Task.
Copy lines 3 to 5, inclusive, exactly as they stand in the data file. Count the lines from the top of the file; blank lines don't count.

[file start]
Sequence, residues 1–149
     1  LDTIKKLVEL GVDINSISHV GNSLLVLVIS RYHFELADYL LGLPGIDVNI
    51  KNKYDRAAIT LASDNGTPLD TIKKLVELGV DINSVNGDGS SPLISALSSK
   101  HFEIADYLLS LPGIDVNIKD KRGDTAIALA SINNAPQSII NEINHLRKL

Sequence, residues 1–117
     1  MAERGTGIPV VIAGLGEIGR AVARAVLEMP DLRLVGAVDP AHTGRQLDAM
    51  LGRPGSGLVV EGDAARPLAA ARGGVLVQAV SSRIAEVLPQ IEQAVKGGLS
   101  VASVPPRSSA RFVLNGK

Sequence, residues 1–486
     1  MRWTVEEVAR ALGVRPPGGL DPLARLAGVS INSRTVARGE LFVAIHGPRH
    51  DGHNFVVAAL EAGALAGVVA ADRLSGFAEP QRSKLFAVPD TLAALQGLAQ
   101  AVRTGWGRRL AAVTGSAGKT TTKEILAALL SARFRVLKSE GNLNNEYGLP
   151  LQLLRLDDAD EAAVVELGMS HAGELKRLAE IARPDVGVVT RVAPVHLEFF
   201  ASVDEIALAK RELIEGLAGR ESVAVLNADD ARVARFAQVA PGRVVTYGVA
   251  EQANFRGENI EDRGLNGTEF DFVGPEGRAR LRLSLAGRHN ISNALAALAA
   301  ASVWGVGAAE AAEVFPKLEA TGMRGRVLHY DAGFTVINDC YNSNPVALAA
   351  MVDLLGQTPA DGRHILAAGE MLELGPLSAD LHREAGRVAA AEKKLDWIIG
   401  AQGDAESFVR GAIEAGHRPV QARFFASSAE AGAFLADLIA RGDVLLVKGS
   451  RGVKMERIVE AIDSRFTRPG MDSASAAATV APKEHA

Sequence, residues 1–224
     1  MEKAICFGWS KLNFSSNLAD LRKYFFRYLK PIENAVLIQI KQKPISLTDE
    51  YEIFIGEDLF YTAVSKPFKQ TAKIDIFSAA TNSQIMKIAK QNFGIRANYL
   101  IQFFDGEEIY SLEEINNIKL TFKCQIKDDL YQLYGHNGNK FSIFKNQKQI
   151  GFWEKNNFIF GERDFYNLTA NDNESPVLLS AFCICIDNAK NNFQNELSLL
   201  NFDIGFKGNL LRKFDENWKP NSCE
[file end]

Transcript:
    51  KNKYDRAAIT LASDNGTPLD TIKKLVELGV DINSVNGDGS SPLISALSSK
   101  HFEIADYLLS LPGIDVNIKD KRGDTAIALA SINNAPQSII NEINHLRKL

Sequence, residues 1–117